Forensic microbiology and the bioterrorism risk (Part I)

  • Maria Nasso | Dipartimento Malattie Infettive Parassitarie e Immunomediate, Istituto Superiore di Sanità, Roma, .
  • Francesco Saverio Romolo Dipartimento di Medicina Legale, Roma, .


The letters containing anthrax, sent in 2001 in USA, showed that pathogens and toxins can be effectively used for terrorist purposes. A new subfield of forensic science, called “microbial forensics”, has been developed. It is a new scientific discipline dedicated to collect and analyze microbiological evidence from a scene of crime. In addition to collecting and analyzing traditional forensic evidences, the microbial forensic investigation will attempt to determine the identity of the causal agent, as so as epidemiologic investigation, but with higher-resolution characterization. The tools for a successful attribution include genetically based-assays to determine the exact strain of isolate, aiming the individualization of the source of the pathogen used in a biological weapon. Following the 2001 anthrax attacks, genotyping of B. anthracis was done on 8 variable number tandem repeats loci (VNTR polymorphisms), with multilocus variable number tandem repeats (MLVA) method. In recent years some research groups have increased the VNTR markers number to 25 loci, while other groups have identified single nucleotide repeat (SNR) polymorphisms, which display very high mutation rates. SNR marker system allows the distinguishing of isolates with extremely low levels of genetic diversity within the same MLVA genotype.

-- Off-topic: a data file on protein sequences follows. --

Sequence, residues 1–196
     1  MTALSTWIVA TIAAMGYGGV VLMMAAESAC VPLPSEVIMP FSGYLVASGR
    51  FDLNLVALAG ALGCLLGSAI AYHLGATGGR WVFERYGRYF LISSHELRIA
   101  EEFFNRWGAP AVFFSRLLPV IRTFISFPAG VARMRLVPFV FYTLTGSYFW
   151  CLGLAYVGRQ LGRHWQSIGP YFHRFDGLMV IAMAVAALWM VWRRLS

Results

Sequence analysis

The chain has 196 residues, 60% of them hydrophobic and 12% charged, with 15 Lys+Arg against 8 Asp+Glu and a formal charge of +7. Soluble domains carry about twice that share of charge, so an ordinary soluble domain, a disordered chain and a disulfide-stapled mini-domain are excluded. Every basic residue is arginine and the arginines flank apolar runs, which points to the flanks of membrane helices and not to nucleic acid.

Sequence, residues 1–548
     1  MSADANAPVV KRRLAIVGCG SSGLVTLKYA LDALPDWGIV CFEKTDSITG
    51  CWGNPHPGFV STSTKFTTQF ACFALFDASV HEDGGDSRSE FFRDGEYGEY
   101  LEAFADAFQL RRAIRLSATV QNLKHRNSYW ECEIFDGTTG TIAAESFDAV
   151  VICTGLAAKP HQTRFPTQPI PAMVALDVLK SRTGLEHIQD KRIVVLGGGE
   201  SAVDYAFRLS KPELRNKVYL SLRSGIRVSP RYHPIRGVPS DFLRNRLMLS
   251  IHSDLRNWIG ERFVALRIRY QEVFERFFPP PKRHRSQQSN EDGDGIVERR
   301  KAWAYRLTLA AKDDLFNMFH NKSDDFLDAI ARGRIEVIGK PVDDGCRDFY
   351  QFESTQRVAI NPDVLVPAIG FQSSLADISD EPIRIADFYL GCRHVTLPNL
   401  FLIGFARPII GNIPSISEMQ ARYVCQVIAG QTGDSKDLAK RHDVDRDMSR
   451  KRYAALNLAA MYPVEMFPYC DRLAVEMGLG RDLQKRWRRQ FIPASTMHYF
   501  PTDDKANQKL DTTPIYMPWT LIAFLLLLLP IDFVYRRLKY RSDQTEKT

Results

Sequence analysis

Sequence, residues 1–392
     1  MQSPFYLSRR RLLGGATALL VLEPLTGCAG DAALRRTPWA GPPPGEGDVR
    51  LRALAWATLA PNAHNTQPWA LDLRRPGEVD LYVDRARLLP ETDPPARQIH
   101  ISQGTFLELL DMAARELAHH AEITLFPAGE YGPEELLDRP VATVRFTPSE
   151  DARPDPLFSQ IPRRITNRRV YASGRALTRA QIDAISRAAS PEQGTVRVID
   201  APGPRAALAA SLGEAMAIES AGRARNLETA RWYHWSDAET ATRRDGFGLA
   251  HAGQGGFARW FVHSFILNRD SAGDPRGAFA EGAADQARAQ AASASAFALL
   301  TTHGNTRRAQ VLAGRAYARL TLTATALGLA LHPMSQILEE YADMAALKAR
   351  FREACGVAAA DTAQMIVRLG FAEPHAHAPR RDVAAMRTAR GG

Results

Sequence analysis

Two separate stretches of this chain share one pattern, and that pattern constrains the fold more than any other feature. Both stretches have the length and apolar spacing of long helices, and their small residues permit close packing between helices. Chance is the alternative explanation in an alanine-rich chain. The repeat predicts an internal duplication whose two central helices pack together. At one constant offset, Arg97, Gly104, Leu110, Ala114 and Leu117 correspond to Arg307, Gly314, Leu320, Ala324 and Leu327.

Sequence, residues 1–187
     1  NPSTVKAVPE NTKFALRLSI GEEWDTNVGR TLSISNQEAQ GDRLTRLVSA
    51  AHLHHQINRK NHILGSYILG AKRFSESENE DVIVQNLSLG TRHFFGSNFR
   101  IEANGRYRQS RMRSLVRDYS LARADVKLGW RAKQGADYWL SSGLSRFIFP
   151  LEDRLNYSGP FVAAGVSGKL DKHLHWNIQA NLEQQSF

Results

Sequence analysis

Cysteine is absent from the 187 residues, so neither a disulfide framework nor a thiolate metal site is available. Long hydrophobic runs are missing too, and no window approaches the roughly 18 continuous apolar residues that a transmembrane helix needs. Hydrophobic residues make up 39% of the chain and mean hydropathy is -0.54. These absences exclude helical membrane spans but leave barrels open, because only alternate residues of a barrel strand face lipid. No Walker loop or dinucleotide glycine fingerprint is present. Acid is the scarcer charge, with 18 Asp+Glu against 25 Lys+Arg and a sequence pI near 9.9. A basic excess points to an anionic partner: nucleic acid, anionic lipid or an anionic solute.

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How to Cite
Nasso, M., & Romolo, F. S. (2007). Forensic microbiology and the bioterrorism risk (Part I). Emergency Care Journal, 3(1), 30-36.

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